7 Things You Must Do When A Member of Your Team Leaves (And Does Not Leave Well)

Yesterday, I wrote about losing the star member of your team. You can read about that here.

Today, I want to focus on the issue of a member of your team leaving… and not leaving well.

It will happen. You will be rolling along and everything will be fine. Well, kind of fine. (I have found that 100 percent of the time, when a member of your team does not leave well, things were never fine.) But you get the idea. The team will be rolling along.

Then, Bam. One of your team members walks away giving no notice. Or you have to fire someone and it does not go well. Even worse, a member of your team leaves and raises hell on the way out, spreading all kinds of rumors about you and speaking horrible of your leadership.

If you have ever had this happen before, you know everything within the team becomes upended. For a season, you and your team will experience disruption in team culture, effectiveness and output.

What do you do?

  1. Get back to the purpose and vision…personally and privately. Whenever you have come through a season of upheaval or disruption on your team, get alone and remind yourself of the purpose and vision for your team. Where are you going? What is the end result? Keep focused on that. Often, in the hard times it is easy to get focused on the immediate concerns and issues as opposed to the broader vision and mission. Never let any circumstance – or any person – take your eyes off of the purpose and vision of the team.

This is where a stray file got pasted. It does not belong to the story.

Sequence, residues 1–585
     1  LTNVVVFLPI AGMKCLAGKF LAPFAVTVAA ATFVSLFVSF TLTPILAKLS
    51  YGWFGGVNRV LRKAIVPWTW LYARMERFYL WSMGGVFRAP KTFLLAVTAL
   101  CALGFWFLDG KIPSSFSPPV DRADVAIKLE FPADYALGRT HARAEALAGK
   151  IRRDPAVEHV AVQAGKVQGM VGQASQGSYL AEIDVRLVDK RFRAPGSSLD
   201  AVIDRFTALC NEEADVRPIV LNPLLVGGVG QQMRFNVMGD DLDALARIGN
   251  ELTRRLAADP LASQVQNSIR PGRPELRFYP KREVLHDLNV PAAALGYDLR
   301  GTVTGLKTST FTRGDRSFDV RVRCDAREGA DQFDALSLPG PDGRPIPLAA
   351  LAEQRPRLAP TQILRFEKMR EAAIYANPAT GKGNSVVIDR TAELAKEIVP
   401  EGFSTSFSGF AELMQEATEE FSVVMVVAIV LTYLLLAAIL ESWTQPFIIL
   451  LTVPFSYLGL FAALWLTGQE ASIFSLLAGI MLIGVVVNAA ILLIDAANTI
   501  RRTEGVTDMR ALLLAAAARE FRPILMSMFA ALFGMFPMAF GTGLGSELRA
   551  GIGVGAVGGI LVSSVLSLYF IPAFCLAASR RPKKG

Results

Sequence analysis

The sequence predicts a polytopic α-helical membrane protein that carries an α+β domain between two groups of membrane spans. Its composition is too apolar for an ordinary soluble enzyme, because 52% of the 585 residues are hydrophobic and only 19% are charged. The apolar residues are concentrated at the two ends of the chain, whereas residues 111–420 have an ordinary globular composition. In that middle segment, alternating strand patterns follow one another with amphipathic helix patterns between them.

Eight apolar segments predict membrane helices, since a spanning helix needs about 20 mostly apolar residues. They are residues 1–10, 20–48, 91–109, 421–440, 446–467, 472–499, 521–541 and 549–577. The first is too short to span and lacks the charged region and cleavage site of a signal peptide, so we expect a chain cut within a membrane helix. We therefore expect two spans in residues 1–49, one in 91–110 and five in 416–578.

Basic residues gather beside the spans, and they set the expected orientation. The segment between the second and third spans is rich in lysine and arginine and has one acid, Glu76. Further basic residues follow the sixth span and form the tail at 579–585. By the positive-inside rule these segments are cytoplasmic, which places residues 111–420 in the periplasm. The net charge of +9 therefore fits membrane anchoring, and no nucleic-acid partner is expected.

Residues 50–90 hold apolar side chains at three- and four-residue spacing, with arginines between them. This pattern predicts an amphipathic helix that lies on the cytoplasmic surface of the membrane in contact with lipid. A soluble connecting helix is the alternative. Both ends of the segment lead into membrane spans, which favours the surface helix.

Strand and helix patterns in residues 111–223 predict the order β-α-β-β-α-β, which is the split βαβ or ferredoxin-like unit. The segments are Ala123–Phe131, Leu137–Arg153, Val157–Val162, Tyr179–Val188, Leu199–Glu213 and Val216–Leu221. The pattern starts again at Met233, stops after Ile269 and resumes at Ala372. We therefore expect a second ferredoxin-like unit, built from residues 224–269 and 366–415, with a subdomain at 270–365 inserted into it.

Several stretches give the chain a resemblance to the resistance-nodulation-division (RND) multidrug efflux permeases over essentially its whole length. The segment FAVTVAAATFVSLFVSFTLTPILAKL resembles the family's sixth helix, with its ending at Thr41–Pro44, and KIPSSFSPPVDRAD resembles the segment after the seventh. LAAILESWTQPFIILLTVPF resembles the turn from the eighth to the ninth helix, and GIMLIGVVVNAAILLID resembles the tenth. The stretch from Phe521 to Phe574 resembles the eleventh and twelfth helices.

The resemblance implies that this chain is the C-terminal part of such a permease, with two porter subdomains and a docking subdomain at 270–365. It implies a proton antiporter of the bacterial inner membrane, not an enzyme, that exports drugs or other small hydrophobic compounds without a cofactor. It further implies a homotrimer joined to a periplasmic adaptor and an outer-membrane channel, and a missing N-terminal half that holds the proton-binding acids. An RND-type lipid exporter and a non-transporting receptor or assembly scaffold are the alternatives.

2. Assess your leadership…personally and privately. You will hear me say over and often, everything rises and falls on leadership. I say it because it is true. Which means everything that happens in your team/organization is a direct/indirect result of your leadership. If there is disruption/drama in your team/organization, you must accept some responsibility for this disruption/drama. I know this is hard to hear. It is even harder to internalize. Another person caused problems and it’s your fault? Not fully. But to some degree, yes. Maybe the fault you play is the fact that you hired the person in the first place. He/she was not a culture fit but you hired them anyways. Whatever the issue, you must take time to process what you must own this disruption and work to fix it. Do not process with anyone, especially your team, until you have taken the time to process it privately and personally. Be honest in your assessment of the employee, the situation and your role on this person’s not leaving well.
  3. Communicate vision with your team. When you are able to get with your team, get back to the basics. Communicate the purpose, vision and mission. Why do we exist? Where are we going? How will we reach our destination? Those are leadership questions your team will want to know and they will expect you to have the answers for this question. Always keep the vision in front of your team.